We recently sat down (virtually) with just a sample of the oral health professionals who received Teledentistry Fund grants to hear about their experiences. Check out the video below to learn how the software helped them navigate the pandemic, and what kind of future they see for remote care technology in a post-pandemic world.



Welcoming NCOHC’s New Program Coordinator

This month NCOHC welcomed a new Program Coordinator. As Sarah Heenan joins the team, we sat down with her to ask a few questions about who she is and what brought her to the world of oral health.

Tell us a little about your background, where you are from, and your educational path.

I am from the Washington, D.C. area originally. I moved to Raleigh in 2004 to pursue a degree in history from Peace College, an all-women’s college at the time. I knew that my life’s work would be realized by working with people from all different life experiences, cultures, and backgrounds. Both personally and professionally, my time at Peace College led me down a road through the higher education landscape, helping students navigate their experiences while advancing the mission of the university. This direction helped me see value in gaining my Master of Arts in Higher Education at Appalachian State University, and eventually I ended up at North Carolina State University. There I learned the value of large public land grant institutions and the value of partnership with statewide organizations to provide needed resources to the people of North Carolina. My eyes were opened to the idea of shifting to the nonprofit world, where making a difference and changing necessary landscapes is at the forefront of the work.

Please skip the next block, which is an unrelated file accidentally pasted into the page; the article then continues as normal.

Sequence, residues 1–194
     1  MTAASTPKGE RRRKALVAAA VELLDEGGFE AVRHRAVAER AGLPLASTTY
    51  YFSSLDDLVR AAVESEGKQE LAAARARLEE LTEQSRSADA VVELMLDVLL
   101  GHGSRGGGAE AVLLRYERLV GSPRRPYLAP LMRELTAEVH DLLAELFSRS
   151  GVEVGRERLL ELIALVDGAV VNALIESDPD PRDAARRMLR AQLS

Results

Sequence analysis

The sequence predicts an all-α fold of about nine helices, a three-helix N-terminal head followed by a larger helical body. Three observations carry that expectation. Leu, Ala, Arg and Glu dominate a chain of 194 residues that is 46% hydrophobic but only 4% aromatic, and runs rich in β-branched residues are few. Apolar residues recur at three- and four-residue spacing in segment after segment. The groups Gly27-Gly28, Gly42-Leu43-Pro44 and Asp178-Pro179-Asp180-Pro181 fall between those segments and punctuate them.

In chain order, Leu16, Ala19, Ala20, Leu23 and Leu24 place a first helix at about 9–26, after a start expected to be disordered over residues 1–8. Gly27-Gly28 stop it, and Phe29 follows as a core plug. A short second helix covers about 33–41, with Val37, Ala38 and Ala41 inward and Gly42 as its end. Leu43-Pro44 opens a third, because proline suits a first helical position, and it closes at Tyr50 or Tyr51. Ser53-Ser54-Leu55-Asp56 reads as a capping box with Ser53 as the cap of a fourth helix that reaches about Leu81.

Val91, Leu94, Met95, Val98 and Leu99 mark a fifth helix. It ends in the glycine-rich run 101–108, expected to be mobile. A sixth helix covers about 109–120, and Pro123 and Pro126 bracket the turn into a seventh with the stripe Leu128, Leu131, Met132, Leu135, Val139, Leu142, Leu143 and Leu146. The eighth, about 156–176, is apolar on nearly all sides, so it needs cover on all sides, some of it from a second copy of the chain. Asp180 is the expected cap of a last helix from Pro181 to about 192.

What professional accomplishment before coming to NCOHC are you most proud of?

Building many relationships with both internal colleagues and external partners. A recent partnership I am most proud of is the development and management of the Off Campus Consortium group at NC State. I managed relationships between private off-campus partners and the university to provide the most direct and trusting housing resources to students.

What originally drew you to working in the oral health space?

Making a difference in our society by creating change and helping to provide needed services to the residents of North Carolina.

What has been the most rewarding part of your work with NCOHC thus far?

Working with the staff and learning about all of the work the Oral Health Collaborative engages in to create systemic changes in our state.

What are the biggest challenges that you see facing access and equity in oral health care in North Carolina?

Barriers to access due to the social determinants of health.

What do you enjoy doing when not working?

I enjoy spending time getting my hands in the dirt and working to create useful and beautiful garden spaces for my family and friends to enjoy. When I’m not in the garden, I’m generally building useful furniture made out of scrap materials. My two dogs, Oliver and Sage, and my partner, are always along for wherever the adventure may take us. In the time of the pandemic, because travel was not an option, we have enjoyed watching traveling shows and dreaming about getting overseas when it is safe to do so again.

What do you want our membership to know about you?

That I am a passionate individual who loves people and working hard to make systems more efficient.